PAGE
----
Since we’re all still dealing with a U.S. Open hangover — metaphorical or otherwise — I won’t go too deep here in my Corales Puntacana Resort and Club Championship preview.
Here’s what you need to know: There’s a very weak field this week, with the likes of Henrik Stenson, Charles Howell III and Graeme McDowell among the biggest names competing. The host course features immensely wide fairways; in fact, you could probably fit about three Winged Foot fairways inside each one of these. And yes, it should play a bit easier than the U.S. Open venue, with each of the two previous PGA TOUR events having a winning score of 18-under and two Korn Ferry tourneys before that getting to at least 20-under.
Oh, and for everyone grousing about last week’s course being too long? Well, this one plays nearly 200 yards longer at 7,670 yards, though it hardly has the same impact.
Let’s get right to the picks, as there should be plenty of value all through this field.
One player to win the tournament.
With finishes of T-7 (Safeway Open) and T-13 (Wyndham Championship) in his last three starts, Burns is trending in the right direction. He was T-12 here a year ago — only a second-round 74 kept him from seriously contending. The LSU product is at the point in his career where he’s ready to pick off a win at an event like this one, so don’t be surprised if this is the week.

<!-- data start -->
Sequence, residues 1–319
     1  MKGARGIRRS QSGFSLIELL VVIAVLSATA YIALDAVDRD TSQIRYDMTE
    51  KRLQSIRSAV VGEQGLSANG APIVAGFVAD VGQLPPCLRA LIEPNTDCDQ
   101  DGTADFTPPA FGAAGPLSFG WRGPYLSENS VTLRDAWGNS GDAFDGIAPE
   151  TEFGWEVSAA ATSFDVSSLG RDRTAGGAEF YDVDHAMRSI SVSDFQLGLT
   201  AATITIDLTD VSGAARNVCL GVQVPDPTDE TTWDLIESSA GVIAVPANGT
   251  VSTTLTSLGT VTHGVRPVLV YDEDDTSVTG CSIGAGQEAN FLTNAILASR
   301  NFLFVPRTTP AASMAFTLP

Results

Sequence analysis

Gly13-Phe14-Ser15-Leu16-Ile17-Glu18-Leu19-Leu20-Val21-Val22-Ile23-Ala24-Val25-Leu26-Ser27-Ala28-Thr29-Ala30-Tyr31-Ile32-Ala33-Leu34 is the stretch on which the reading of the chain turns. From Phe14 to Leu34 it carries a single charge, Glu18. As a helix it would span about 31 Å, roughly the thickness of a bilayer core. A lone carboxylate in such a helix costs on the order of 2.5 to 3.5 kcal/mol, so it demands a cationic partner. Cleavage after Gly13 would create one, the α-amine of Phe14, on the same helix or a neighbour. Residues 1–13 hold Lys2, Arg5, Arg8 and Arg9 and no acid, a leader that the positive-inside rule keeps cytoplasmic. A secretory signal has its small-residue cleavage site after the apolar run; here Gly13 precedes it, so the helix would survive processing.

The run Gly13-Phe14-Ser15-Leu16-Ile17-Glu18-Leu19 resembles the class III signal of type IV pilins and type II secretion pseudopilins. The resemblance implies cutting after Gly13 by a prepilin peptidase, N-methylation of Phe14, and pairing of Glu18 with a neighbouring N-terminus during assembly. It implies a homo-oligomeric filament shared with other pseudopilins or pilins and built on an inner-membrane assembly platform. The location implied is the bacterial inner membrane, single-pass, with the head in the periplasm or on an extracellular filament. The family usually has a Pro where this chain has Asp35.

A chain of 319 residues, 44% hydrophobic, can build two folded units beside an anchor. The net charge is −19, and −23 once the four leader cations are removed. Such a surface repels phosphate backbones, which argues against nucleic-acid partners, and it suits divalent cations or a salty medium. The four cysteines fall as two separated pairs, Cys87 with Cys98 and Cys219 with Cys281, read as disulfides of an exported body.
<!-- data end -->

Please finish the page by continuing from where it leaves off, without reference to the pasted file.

Potential selections for one-and-done options.
The “other” Oklahoma State player, Ventura was teammates with Matthew Wolff and Viktor Hovland not that long ago. If for no other reason, he might be worth a play based on motivation alone, but there are indeed other reasons. Since the restart, he owns six finishes of 21st or better in nine starts going back and forth between the PGA TOUR and the Korn Ferry. I like him for outrights, props and, yes, OADs this week.
There’s not much of a sample size, but good putters tend to fare well at this tourney — and nobody rolled it better during the recently completed season than McCarthy. He also started hitting the ball a bit better toward the end of that campaign. He’s by no means a smash play this week, but then again, neither is (almost) anyone else.
One player to finish top-five.
I’ll let it slide if you just scrolled down the page searching for this name. Following his T-6 at the U.S. Open, I was tempted to put the Korn Ferry stud, who’s playing on a sponsor’s exemption this week, as my favorite for the outright win, but I’ll temper expectations just a bit and “only” list him for a top-five. If you didn’t get a chance to watch him play at Winged Foot, check him out this week, because he’s a star in the making.
One player to finish top-10.
I’m gonna be blunt here: Grillo is an underachiever. He owns way more talent than what shows in his results. That might be disappointing for him, but it should excite us, because it means he owns plenty of value. I’ve been waiting a few years for the Argentinian to become a top-50 type of player, but maybe he’s starting to inch his way there. In his last five starts, he owns a pair of top-10s and hasn’t missed a cut.
One player to finish top-20.